Lab 5: I'm Thinking of a Number

Sat Nov 4 19:24:04 EST 2006

By the end of this lab, you will:

You will also begin to develop some appreciation of why programming is not entirely trivial. It really does require orderly thinking and meticulous attention to detail.

Please read these instructions before beginning the lab.
Please follow the instructions about program format, variable names, etc.
Please pay attention to syntax and grammar and language constructs.
Follow the highlighted hints. Things will work better if you do, and you may even find that programming is kind of fun, especially when your program works.

You can do this lab anywhere, but you will likely find that the lab assistants offer valuable advice not obtainable elsewhere.

Part 1: Introduction
Part 2: The Javascript Language
Part 3: Writing your own Javascript Program
Part 4: Finishing up

Part 1: Introduction

Programming languages provide a way to express computer algorithms in a form that is both convenient for humans yet easily translated into a computer's machine language: they are the way that we tell computers how to perform a task.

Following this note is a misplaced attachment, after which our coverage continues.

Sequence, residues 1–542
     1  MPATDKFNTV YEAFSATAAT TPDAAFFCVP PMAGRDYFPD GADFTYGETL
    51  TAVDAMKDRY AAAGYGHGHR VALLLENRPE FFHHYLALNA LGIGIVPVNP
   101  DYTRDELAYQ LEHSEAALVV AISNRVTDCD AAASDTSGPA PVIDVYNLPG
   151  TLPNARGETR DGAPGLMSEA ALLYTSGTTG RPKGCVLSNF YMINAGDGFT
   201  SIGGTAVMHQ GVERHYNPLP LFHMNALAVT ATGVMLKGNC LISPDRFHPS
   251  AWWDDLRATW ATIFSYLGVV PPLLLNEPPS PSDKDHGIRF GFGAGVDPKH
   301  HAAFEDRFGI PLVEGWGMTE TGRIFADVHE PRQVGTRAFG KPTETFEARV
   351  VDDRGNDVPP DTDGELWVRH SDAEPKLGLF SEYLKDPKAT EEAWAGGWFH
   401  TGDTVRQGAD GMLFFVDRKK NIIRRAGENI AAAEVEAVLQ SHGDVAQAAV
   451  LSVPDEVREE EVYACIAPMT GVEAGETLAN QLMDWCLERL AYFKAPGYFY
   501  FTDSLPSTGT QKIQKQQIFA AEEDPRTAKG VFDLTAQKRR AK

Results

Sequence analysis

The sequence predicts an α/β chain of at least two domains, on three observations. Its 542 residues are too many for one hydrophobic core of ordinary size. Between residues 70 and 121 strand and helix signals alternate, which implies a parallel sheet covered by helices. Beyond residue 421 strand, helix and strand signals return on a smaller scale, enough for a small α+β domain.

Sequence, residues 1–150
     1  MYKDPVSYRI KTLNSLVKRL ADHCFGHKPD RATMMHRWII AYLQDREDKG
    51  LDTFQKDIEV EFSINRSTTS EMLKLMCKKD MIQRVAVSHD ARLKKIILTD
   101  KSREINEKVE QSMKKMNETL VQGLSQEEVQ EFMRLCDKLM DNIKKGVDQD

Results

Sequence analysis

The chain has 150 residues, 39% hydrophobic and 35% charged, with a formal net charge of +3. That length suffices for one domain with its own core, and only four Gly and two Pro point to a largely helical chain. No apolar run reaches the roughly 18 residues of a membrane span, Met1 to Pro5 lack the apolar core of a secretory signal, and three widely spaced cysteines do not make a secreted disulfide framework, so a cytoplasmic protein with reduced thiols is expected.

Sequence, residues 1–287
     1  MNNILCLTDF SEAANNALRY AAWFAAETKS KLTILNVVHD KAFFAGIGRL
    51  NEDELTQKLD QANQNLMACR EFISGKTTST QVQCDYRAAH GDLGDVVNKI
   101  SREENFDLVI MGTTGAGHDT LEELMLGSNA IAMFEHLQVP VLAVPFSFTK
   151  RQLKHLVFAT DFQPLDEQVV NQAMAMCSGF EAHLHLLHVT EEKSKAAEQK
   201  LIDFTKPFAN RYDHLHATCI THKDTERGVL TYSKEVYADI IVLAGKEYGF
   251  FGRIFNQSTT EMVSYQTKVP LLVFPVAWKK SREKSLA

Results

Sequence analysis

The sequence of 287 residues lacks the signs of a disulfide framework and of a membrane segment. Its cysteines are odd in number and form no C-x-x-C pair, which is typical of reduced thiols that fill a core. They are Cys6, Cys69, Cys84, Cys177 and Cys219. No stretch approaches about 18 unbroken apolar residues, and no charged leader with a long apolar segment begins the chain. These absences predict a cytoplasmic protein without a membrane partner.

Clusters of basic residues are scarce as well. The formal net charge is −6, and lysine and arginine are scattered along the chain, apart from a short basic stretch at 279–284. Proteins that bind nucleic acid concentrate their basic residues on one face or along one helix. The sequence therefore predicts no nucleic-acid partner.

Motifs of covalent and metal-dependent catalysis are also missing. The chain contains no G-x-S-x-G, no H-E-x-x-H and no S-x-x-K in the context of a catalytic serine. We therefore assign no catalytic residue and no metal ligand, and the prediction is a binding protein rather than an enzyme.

In class, we have studied the very low-level instructions that the computer itself understands, and talked about a variety of programming languages, much easier for people to use, that are translated by a program into machine instructions. There are many such languages, each with its own good and bad points, and often with noisy adherents and detractors.

Javascript, the topic of this lab and the next, is one of the most widely encountered languages, largely because it's available as part of every Web browser, and probably the majority of web pages include Javascript code. You too can write Javascript programs that will be run by whoever views your web page. We don't expect you to become a full-fledged Javascript programmer, but you will do enough to get some understanding of what programs look like and what is involved in taking an algorithm and turning it into a program that implements the algorithm.

You'll also be able to better understand the Javascript pages that you encounter when you browse, and if you like, you'll be able to adapt and modify them for your own pages too.

There is an enormous amount of Javascript information on the Web, and thousands of books. You might start with this list of tutorials, or Google for "javascript tutorial".